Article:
Lake E-ffect Newsletter banner SUNY Oswego logoMarch 2011 • Vol 6 No 12

Green Village Earns Gold

The U.S. Green Building Council has certified the 68 units of SUNY Oswego's new residential community, the Village, as meeting the "LEED Gold" rating under its Leadership in Energy and Environmental Design for Homes program.

TownhousesThe college opened the Village's 12 townhouses to 348 juniors, seniors and graduate students for fall semester.

"We knew we had achieved our goal of meeting the gold standard in spirit, and we are thrilled to receive the official certification," said President Deborah F. Stanley. "This project was a model for our students of how big, complex organizations like SUNY Oswego and the Dormitory Authority of the State of New York can get the details right and produce a high-quality result that is environmentally responsible."

Sustainable features include:

  • a frost-protected shallow foundation, which is heavily insulated
  • a passive valance heating and cooling system
  • landscaping with drought-tolerant plants
  • a storm water management system
  • high-efficiency water fixtures
  • recycling of waste materials during construction
  • environmentally preferred products, like Forest Stewardship Council-certified wood for the roof framing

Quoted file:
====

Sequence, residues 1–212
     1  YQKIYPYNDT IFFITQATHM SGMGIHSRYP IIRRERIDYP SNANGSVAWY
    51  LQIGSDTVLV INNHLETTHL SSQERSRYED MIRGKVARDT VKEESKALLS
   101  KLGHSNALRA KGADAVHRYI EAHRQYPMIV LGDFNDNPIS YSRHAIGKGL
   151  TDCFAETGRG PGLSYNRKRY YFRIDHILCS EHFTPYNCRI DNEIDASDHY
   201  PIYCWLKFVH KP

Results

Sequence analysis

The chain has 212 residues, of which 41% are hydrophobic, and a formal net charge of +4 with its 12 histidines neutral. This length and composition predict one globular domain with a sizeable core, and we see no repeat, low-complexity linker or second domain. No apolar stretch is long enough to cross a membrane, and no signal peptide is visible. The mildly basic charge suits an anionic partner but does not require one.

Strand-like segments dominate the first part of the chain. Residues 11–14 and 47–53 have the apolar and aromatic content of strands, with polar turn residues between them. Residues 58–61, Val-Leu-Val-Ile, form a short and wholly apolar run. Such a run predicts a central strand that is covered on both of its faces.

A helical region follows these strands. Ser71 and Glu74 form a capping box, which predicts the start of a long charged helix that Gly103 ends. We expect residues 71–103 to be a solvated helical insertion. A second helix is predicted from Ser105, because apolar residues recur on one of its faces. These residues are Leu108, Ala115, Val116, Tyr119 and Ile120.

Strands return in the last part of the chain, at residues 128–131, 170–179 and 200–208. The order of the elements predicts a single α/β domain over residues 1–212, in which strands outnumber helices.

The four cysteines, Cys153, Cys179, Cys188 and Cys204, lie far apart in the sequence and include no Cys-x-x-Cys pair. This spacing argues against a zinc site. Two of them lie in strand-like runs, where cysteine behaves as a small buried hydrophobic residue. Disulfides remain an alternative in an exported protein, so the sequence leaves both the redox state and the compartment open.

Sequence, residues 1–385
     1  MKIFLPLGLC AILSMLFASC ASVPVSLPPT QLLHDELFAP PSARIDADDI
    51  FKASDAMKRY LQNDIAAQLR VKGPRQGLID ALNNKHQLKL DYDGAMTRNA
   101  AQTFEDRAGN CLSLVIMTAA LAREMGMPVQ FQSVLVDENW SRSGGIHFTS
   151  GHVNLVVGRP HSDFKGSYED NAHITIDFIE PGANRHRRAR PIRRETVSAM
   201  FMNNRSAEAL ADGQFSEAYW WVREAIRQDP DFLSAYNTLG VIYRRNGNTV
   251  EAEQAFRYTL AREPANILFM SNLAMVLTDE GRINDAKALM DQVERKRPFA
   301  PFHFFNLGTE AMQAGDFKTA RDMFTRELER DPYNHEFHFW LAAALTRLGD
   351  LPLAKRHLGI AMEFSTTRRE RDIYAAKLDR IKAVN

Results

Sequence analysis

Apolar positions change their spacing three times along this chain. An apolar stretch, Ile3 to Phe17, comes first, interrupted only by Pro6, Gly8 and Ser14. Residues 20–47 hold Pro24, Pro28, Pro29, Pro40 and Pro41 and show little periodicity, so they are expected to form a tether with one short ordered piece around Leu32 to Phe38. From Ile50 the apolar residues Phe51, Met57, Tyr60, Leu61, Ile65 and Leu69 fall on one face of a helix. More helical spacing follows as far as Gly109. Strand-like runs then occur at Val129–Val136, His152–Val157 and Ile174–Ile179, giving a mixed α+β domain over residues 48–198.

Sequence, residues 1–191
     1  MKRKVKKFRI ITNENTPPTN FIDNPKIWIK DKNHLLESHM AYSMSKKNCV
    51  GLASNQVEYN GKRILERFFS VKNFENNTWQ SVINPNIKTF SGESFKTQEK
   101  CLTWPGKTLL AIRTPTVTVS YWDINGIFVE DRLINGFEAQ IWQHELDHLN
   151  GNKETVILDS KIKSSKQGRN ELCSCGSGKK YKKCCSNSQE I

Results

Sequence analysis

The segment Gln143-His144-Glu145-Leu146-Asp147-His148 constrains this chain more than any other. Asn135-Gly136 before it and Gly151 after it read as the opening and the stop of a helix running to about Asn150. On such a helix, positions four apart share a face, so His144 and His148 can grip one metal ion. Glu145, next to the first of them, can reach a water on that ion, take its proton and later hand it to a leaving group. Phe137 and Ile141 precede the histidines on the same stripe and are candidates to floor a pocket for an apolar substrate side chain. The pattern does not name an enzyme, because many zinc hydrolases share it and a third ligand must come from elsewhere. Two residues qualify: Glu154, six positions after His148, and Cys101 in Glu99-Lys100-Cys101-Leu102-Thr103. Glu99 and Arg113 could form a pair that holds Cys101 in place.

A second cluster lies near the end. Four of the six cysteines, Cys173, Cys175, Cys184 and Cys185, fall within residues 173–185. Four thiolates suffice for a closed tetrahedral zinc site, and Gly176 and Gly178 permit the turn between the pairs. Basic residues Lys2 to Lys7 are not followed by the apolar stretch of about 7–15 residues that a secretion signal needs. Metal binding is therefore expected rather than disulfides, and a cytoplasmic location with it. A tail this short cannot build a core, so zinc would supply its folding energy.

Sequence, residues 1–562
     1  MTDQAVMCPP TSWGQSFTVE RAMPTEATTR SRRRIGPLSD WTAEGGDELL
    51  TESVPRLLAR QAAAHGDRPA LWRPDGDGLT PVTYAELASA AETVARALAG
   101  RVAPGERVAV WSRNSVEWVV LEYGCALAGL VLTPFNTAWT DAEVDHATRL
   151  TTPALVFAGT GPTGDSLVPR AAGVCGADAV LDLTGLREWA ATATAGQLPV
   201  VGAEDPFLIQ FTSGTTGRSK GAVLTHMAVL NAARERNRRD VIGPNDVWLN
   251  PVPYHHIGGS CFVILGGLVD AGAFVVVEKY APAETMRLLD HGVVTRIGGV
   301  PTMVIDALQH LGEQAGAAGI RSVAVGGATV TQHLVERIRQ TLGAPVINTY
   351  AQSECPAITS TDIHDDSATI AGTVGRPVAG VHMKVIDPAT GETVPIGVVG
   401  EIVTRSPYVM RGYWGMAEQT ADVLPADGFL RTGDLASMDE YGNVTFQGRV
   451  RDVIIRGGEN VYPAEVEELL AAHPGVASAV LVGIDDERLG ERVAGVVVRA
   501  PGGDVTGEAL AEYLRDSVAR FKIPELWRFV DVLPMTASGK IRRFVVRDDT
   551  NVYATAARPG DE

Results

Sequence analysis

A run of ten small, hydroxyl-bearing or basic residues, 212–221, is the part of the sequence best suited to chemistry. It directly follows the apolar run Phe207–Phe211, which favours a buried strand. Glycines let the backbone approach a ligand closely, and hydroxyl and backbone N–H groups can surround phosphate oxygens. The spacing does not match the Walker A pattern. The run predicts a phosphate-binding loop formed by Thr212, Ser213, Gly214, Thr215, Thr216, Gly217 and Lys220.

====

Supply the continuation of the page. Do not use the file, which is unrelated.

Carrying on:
• a high-efficiency heat recovery ventilation system within each four- and six-bed unit

Barnes and Noble even donated copies of "The Green Book: The Everyday Guide to Saving the Planet One Simple Step at a Time" to put in every apartment.

"Looking at the exterior, you might think this is just another beautiful design, but this people-friendly village is also environmentally friendly," said Rick Kolenda, Oswego's director of residence life.

The exterior siding is a concrete fiberboard made to withstand winters on the shore of Lake Ontario and to last longer than many other standard building materials. Under the siding are 6-inch structurally insulated panels (SIPs) that wrap the buildings in a tightly sealed, insulated envelope to make the buildings extremely energy efficient.

The LEED analysis recognized the SIPs as design innovation, said Tom Simmonds '84, M '88, the college's associate vice president for facilities.

The Village is part of the college's $800 million campus renewal program, which - in addition to the primary goal of improving the learning and social environment for students - aims to meet rigorous standards of environmentally responsible construction, Simmonds said.

Oswego's green approach to all new construction on campus is consistent with the American College and University Presidents' Climate Commitment, which Stanley signed in 2007 and which pledges to reduce the college's carbon footprint.

— Julie Harrison Blissert

Concrete fiberboard siding well suited to Oswego's winters is one of many environmentally friendly features that won SUNY Oswego's new residential facility the "LEED Gold" rating under the U.S. Green Building Council's Leadership in Energy and Environmental Design for Homes program.

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